The Zombie Pandemic in Hollywood: Portrayals of Outbreak and Survival in Night of the Living Dead and World War Z

By Lynette Teo

Since the late 1960s, zombie films have become a dominant icon of American popular culture. George Romero’s Night of the Living Dead (1968) first introduced the “living dead” as grotesque flesh-eating creatures with a distinctly lumbering gait, an image which has come to define the modern zombie in contemporary Western media. Since then, the zombie film has become the subject of cultural and cinematic fascination. Its mainstream popularity is arguably predicated on its mastery of creating a universal conception of the zombie myth, sometimes to the extent of the Hollywood zombie film being perceived as trite or cliche, since this canon of films largely share familiar tropes and narratives from outbreak to contagion. 

As the zombie has become so prevalent and influential in the apocalyptic imagination, it is easy to dismiss the genre as gratuitously violent and even banal, offering little insight into socio-political themes. For instance, Hollywood blockbusters like Dawn of the Dead (2004) and World War Z (2013) lend themselves to criticism for rehashing overdone stereotypes about the zombie epidemic and its post-apocalyptic world. Because they fundamentally centre around the struggle for survival in the face of a rapidly metastasizing disease, and often heavily feature violence and gore, it appears difficult for zombie films to distinguish themselves from their counterparts in the genre. The zombie in popular culture is thus easily reduced to a caricature that embodies our fear of the unknown other.

However, the superficial homogeneity of the zombie canon obscures the complexities brought about by the evolution of the genre’s conventions and its role in popular culture over time. The popularity of zombie films in mainstream media has fluctuated through the decades, with revivals in interest significantly overlapping with watersheds in American history. Following a peak in the 1980s, the zombie genre virtually “ground to a halt in the 1990s” (Dendle 178). The turn of the millennium again saw the resurgence in the production of zombie-related mass media, a “zombie renaissance” reflective of the transformative changes in the American socio-political landscape post 9/11.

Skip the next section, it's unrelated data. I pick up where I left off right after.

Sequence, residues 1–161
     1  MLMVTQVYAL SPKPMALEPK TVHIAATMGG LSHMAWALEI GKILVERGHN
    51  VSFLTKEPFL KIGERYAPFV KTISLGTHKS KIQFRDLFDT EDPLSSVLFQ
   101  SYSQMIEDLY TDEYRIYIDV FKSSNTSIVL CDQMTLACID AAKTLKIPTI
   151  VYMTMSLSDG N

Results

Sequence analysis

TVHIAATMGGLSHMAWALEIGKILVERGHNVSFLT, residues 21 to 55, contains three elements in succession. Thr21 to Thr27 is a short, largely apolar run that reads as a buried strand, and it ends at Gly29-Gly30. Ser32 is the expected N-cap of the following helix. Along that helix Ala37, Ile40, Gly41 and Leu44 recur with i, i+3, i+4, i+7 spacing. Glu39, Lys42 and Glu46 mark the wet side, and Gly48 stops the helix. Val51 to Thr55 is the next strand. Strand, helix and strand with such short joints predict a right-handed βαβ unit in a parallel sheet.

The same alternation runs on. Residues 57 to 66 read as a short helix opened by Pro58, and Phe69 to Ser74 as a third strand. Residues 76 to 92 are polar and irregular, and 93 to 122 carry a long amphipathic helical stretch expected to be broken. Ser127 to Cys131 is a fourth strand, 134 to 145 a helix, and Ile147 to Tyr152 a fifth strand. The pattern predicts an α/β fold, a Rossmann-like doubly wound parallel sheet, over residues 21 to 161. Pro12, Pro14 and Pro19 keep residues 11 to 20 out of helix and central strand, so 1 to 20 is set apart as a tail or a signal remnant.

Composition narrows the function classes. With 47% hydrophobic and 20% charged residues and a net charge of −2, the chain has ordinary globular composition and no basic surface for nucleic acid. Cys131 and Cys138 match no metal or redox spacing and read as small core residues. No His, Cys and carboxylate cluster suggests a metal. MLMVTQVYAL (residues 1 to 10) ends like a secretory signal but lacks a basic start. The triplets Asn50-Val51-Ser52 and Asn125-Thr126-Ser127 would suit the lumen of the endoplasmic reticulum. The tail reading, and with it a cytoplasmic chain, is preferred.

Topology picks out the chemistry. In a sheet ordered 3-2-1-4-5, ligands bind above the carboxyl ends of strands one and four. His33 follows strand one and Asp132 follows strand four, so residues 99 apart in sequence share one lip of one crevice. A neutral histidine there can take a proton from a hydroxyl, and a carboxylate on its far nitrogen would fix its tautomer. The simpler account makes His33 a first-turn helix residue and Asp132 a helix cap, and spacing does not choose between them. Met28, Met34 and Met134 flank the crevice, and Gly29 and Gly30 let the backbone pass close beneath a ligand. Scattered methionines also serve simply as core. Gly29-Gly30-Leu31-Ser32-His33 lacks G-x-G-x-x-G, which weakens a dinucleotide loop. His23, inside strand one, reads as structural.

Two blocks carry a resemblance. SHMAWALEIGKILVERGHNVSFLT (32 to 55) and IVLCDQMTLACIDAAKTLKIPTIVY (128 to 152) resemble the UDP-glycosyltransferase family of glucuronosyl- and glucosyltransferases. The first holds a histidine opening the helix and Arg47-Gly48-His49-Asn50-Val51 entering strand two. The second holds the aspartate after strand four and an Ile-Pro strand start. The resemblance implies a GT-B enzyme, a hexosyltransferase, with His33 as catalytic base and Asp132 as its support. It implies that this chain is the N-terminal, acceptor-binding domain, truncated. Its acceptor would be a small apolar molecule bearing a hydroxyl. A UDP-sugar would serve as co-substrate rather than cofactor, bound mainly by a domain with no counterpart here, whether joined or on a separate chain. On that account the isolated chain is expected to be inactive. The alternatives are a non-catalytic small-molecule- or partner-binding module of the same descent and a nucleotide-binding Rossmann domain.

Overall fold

These shifts in popular reception have inevitably been accompanied by changes in zombie tropes and conventions, though the structural elements of the zombie film have not changed radically. While zombie films still rely on the central narratives of contagion and societal breakdown, significant differences have emerged in the characterisation of the zombie threat and the depiction of characters’ responses to it. Night of the Living Dead, released almost half a decade ago, retells the story of seven individuals who quarantine themselves in a rural farmhouse to escape a rapidly spreading zombie outbreak in America. The film dramatises the impulse towards isolationism and the failures of human cooperation by illustrating the ethical dilemmas that emerge in characters’ quest for survival. The film emphasises the “microcosmic” (Wells 7-8) by depicting the internal decision-making of its individual characters who grapple with their morality. In contrast, World War Z’s plot retells the zombie apocalypse in a globalised dimension, focusing instead on the institutional and scientific responses to the crisis through the persona of the white male protagonist, Gerry Lane. Gerry travels the world seeking for a resolution to an unidentified zombie outbreak, and it is eventually his heroism and his cooperation with American soldiers and scientists which allows for a vaccine to be found, and for normality to be gradually restored. World War Z thus focuses on the “macrocosmic”, with external developments driving the plot on a much larger scale than in Night of the Living Dead.

“The monsters that dominate a particular period offer an insight into the specific fears that characterise the historical moment”

Russell J.. Book of the Dead: The Complete History of Zombie Cinema, Titan Books Ltd., 2014

As the “monsters that dominate a particular period offer an insight into the specific fears that characterise the historical moment” (Russell 228), the changes in the conventions of the zombie film analogise changes in the Western collective unconscious caused by important cultural events. By comparing two prolific zombie films that have enjoyed popular acclaim, Night of the Living Dead and World War Z,  I contend that zombie films both reflect and reify fundamental societal fears that are driven by prevailing socio-political realities. The shift in narrative from the tragic struggle of lay people in Night of the Living Date, to the grander narrative of the heroic saviour who saves the world from crisis in World War Z suggests the polysemic nature of the zombie genre. Zombie films employ the fundamental concept of an epidemiological crisis but associate the zombie with varying political and social meanings according to the dominant apocalyptic sentiment of the time, be it war, pandemics or terrorism.